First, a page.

(ANNews) – Northwest Territories Premier Caroline Cochrane visited Yellowknife fire evacuees in Edmonton on Aug. 30, accompanied by municipal, provincial and federal government representatives.
Joining Cochrane at Edmonton’s EXPO Centre were Mayor Amarjeet Sohi, provincial Minister of Forestry and Parks Todd Loewen, federal Minister of Employment, Workforce Development and Official Languages Randy Boissonnault and federal Minister of Northern Affairs Dan Vandal, who took questions from reporters.
“I want to go home, we all want to go home,” Cochrane said, thanking the feds for deploying the military to assist the evacuation, the province for sending firefighters and hosting people across the province and the City of Edmonton for sheltering evacuees “in this beautiful building.”
“Some things we can control as government, but we can’t control the fire … We can’t control the wind and temperatures,” she added.
Cochrane cautioned that once the fires are under control it will take another four or five days for evacuees to be able to return while the territorial government ensures the power, sewers airports, hospitals, grocery stores and gas stations are able to function properly.
The N.W.T. government is offering a $750 stipend for those who evacuated by car.
It’s not just Yellowknife that was impacted by the fires. Enterprise, a hamlet of about 100 people, was 80 per cent destroyed. It’s not simply a matter of permanently relocating Enterprise’s residents elsewhere once the fires subside, Cochrane noted, because the hamlet is a “main transportation stop” for people looking to fill up on gas on their way to Yellowknife and smaller northern communities.
“There will have to be a real focus on rebuilding that community,” she said.
Responding to reports from the N.W.T. RCMP that there are coordinated efforts by some Yellowknife residents to make an unauthorized return home, Cochrane emphasized that this behaviour hinders first responders’ ability to fight the fire, because they have to focus their efforts on saving those who have prematurely returned.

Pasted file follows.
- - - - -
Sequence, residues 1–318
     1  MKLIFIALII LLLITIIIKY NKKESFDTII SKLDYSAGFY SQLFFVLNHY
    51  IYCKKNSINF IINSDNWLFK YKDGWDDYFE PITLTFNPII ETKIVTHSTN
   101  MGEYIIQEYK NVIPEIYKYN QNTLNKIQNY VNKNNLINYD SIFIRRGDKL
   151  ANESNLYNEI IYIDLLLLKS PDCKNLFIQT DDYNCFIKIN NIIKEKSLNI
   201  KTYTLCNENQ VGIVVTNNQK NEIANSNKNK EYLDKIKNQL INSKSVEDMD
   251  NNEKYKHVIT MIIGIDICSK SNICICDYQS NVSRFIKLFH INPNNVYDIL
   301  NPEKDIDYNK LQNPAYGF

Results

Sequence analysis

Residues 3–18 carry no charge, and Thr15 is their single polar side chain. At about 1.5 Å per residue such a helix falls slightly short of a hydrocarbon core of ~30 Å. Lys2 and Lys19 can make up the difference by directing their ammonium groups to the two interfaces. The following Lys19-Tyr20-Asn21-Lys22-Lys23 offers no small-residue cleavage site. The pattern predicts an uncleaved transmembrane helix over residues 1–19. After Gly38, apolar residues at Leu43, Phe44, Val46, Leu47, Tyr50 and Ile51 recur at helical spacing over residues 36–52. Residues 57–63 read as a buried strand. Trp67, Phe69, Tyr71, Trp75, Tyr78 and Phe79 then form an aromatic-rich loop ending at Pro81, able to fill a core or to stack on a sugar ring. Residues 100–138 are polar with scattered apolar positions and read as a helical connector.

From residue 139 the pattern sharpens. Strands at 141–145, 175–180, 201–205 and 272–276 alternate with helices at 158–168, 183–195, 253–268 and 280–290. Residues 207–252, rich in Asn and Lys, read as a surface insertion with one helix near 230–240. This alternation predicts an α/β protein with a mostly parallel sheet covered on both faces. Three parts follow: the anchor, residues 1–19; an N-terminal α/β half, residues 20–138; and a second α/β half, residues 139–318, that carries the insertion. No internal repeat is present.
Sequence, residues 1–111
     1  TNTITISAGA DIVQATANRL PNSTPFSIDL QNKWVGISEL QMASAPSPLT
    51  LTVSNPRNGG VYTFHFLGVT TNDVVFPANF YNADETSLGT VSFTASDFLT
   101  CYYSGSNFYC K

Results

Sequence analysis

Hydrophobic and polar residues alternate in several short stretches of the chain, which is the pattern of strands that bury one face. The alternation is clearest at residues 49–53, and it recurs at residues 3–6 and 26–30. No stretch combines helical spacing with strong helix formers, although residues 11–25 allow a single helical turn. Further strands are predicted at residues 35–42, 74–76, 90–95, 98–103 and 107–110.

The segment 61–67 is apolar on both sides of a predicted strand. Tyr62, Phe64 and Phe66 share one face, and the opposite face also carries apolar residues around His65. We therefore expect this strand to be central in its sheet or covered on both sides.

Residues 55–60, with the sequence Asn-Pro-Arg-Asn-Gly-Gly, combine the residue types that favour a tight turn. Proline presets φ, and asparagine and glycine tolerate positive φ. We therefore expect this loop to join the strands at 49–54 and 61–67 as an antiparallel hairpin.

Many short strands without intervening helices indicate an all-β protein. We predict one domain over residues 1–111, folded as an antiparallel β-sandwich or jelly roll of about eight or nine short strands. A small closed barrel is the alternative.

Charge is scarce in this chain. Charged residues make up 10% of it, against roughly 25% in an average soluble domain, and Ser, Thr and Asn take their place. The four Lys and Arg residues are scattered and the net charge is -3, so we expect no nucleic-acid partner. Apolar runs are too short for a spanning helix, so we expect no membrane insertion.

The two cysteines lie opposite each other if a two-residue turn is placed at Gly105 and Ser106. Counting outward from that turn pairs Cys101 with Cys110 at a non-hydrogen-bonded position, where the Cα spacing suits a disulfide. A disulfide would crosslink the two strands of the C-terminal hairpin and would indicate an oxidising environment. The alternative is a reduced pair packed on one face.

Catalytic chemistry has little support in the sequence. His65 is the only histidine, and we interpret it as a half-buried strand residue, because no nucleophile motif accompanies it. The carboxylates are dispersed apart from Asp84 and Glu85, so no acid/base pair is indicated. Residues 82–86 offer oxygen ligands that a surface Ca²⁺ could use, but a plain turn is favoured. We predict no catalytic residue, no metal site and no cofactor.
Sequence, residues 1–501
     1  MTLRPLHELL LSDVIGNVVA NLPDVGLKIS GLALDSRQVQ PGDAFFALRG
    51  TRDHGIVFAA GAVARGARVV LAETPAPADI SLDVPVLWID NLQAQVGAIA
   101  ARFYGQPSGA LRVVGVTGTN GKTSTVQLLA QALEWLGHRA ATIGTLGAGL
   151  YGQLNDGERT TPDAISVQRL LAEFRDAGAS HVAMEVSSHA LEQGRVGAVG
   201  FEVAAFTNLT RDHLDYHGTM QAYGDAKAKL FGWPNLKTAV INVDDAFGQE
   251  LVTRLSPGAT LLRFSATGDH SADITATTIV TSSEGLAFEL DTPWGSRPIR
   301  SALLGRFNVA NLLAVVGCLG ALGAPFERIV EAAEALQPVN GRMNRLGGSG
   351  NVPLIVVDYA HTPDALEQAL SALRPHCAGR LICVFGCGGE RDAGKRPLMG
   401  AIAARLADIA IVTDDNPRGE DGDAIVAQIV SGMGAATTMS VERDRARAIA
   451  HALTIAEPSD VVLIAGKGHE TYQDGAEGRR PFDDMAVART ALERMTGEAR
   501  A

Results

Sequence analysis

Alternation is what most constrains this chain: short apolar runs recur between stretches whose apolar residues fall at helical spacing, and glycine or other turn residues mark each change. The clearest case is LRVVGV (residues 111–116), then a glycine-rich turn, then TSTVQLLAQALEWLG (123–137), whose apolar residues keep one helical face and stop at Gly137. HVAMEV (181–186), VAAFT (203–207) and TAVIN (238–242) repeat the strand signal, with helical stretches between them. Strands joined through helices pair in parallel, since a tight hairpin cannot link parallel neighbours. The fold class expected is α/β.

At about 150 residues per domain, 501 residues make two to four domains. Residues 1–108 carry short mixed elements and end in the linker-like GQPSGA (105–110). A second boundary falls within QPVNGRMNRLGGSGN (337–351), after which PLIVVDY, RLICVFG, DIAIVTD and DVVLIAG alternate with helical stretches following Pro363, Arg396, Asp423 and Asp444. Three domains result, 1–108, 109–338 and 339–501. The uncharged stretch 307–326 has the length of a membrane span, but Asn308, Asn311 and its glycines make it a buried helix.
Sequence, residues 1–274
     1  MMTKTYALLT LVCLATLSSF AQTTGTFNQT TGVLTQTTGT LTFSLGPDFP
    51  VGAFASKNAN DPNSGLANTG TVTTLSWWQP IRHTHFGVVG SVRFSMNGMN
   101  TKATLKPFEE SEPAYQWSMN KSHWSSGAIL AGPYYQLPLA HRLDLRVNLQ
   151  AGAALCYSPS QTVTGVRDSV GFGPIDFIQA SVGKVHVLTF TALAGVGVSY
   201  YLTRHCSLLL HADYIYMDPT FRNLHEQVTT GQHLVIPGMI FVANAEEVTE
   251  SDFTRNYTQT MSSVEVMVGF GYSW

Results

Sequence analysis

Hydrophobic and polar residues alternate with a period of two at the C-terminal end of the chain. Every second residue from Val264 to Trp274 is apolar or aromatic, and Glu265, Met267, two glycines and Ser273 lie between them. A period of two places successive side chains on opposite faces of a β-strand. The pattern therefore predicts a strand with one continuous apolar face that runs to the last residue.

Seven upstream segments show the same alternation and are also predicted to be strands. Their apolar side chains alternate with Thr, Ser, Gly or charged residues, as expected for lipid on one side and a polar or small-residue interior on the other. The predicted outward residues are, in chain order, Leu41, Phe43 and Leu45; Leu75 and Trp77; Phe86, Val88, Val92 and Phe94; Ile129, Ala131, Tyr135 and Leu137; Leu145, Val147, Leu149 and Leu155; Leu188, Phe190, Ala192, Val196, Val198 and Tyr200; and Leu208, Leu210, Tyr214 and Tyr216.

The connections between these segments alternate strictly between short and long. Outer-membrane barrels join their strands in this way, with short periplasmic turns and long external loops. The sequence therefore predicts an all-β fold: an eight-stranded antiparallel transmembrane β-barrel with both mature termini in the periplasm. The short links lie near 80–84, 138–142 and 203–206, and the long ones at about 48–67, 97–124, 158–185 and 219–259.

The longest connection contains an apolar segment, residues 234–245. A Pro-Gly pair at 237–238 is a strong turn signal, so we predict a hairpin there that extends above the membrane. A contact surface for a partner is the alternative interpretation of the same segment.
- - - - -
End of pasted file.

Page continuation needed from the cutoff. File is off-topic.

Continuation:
“I know you’re tired, but please stay out until it’s safe to go home,” she said.
The N.W.T. premier added that school will start as usual for communities that aren’t evacuated and accommodations will be made for those who have been evacuated once they return. She didn’t commit, however, to having kids enroll with Edmonton schools in the meantime.
Minister Vandal called the fires a “very, very horrific incident,” but said many of the evacuees he spoke to “appeared to be in good spirits.”
He said the collaboration between different levels of government “shows a great solidarity of Canadians being there for one another.”
Mayor Sohi noted that “35 per cent of the Yellowknife population is currently living in Edmonton.”
He said that the city is working with the Red Cross to track the availability of hotels for evacuees, which the city recently announced were at capacity.
According to the 2021 Canadian census, 24 per cent of Yellowknife’s population is Indigenous.
Minister Boissonnault, who represents Edmonton Centre as an MP, said the government is fast tracking Employment Insurance applications for evacuees who are unable to work remotely.
“I want everybody to understand that as soon as somebody applies for EI, and puts in their N.W.T. postal code, it gets put into a special track. We have a team of federal public servants that are working to really speed up that application process,” said Boissonnault.
He said benefits should reach N.W.T. EI recipients within 12 to 18 days.
Jeremy Appel, Local Journalism Initiative Reporter, Alberta Native News